All of this is true even outside of yoga, but as a teacher of yoga there is something that I always hope to get across in my teachings. Which is that your experience of yoga is the right experience. The sensations that you feel in your body during a pose is the truth of the matter; its not that a pose should make you feel certain sensations. When you play in poses with curiosity, verses judgement, you get a chance to learn about a piece of yourself. Yes it might be intense, or challenging – physically or mentally – but your response to that is where the experience lies; that your door to presence. Yoga is not about nailing the pose, or which poses you can or can’t do. It’s about embodiment. It’s about embracing each sacred piece of yourself – because all of your pieces are sacred. It’s called a practice because you get better at it the more you do it. Not just on the outside, but on the inside as well.

Personally, I don’t practice yoga to become enlightened. I practice yoga to love my humanness. To realize the strength my humanness gives me. To recognize my weaknesses so that I know when to get support. To become resilient. I practice to be present with what it is.

“[Life’s] about peeling away the prince’s armor and loving the human down below. It’s about wiping off the princess’s make-up and loving her divine humaness. It’s about finding romance in the naked fires of daily life. When our masks and disguises fall away, real love can reveal itself. Forget fair tales – the human tale is much more satisfying. We just have to learn how to get turned on by humanness.” (Unknown)

The door is always open. I made the choice many years ago to enter it. So, now it’s up to you…

In humaness with you,
Nicole

The Hunt for Truth

A couple weeks ago in class I randomly started talking about using my practice for seeking truth. I had no intention whatsoever to theme my class this way, it was just one of those moments where humble brilliance hit me and I ran with it. I went home that night and tried desperately to remember a few of my one liners, but no luck. I have learned that inspiration is fleeting, so this really came to no surprise; however, I couldn’t shake the concept.

So naturally, I started to explore it more at home. I used to have a teacher that talked about truth seeking in class, and I always found those particular classes profound, yet it was an idea that I hadn’t really thought of, at least consciously, in years. I say I haven’t thought of it consciously, because I quickly realized during this exploration just how rooted this concept is in my personal practice. I’ve had at least 3 different teachers drive this home for me in their own ways. It’s become automatic for me to work this way now – which was the goal; at least for me it was. The yoga did (and still does) it’s work on me. It’s lovely.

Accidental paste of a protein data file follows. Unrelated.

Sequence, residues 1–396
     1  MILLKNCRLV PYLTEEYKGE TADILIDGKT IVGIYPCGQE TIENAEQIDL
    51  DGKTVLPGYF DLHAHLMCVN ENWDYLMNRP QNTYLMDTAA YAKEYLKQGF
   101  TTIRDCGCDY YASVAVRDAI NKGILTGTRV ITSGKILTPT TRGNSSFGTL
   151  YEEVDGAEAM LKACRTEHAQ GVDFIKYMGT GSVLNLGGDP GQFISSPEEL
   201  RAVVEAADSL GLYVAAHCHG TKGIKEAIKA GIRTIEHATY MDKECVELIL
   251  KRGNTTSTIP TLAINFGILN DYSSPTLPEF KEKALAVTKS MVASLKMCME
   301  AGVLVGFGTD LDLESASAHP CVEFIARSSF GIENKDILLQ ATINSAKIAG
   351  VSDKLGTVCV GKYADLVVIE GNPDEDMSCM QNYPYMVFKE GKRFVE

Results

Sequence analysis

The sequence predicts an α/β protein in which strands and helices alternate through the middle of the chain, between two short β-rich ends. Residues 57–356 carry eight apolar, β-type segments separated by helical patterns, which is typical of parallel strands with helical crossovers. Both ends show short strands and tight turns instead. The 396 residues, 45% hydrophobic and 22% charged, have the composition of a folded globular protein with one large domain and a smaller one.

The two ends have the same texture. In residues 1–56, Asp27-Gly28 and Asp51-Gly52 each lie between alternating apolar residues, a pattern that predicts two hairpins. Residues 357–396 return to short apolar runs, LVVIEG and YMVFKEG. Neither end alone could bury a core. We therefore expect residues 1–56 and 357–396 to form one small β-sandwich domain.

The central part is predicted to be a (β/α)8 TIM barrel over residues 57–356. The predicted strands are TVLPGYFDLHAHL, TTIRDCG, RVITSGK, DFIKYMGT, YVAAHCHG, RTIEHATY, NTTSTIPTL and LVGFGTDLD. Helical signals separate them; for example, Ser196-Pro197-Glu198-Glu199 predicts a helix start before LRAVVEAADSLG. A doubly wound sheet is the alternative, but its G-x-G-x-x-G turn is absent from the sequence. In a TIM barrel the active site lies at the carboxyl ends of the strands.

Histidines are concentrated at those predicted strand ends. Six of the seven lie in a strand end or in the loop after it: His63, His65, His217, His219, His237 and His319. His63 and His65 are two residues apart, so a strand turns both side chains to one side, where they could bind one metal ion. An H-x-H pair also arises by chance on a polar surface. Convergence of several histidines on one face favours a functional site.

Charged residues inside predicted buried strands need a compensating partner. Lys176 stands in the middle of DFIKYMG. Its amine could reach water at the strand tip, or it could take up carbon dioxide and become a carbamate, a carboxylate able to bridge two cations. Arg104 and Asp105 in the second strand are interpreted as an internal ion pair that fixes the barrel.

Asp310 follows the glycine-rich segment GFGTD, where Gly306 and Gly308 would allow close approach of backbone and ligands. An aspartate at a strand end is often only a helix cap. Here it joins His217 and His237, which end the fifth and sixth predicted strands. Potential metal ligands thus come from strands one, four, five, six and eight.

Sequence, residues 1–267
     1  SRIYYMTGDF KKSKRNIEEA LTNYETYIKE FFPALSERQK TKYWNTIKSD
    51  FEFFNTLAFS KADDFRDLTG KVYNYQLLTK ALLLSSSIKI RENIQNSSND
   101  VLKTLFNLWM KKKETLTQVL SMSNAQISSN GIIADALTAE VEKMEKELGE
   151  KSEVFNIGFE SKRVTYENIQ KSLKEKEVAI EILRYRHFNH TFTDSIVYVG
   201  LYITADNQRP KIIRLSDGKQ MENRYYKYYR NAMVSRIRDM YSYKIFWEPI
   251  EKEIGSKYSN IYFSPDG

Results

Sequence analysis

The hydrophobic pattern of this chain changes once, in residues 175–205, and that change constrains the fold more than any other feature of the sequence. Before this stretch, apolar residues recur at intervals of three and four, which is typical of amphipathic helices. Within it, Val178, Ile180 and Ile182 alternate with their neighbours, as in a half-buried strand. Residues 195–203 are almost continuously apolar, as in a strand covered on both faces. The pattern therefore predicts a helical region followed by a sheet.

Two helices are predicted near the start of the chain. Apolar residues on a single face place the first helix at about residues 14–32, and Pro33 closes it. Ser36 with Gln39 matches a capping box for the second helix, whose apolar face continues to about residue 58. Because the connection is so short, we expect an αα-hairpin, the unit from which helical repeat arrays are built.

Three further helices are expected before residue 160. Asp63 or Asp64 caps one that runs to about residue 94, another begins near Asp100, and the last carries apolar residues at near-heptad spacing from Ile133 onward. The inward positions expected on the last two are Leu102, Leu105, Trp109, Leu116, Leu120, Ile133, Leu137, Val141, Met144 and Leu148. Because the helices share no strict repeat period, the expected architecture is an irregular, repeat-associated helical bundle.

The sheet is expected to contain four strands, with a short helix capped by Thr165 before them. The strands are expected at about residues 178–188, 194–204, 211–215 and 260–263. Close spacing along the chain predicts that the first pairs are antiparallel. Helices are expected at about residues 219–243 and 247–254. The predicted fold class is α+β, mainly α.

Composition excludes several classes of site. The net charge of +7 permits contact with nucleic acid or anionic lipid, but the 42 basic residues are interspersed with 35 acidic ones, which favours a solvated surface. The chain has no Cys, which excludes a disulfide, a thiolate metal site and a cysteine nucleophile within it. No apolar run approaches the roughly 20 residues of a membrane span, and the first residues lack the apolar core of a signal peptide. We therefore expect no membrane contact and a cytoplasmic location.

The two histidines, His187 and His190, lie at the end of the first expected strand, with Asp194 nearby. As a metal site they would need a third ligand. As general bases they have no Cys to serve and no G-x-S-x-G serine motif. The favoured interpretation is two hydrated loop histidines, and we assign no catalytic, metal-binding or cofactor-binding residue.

Asana provides an endless amount of metaphors for life, which is one reason its so powerful in creating change beyond just the physical aspect. Sure, your asana practice can easily be just a workout, a sweat, or a stretch, but it can also be a mirror, a teacher, a tool. It can show you the stories you make up in your head about yourself. It can guide you through the places where your triggers hide. When used effectively, it offers a playground to learn, understand, and even change the way we respond to ourselves, to others, and to life.

I should mention, you have to be willing. Showing up is half the battle, and sometimes the hardest part, however, truth seeking takes more. Truth seeking requires you to acknowledge what is. To hear the story, yes, but then kindly toss it aside because you recognize that it is just a story. There’s no staying power in blaming yourself, or others. No more excuses. Now is the time for forgiveness and personal freedom. Truth seeking asks you to rise up, to let pettiness and fear fall below you. To expand into your vastness, your limitless marrow, your quintessence!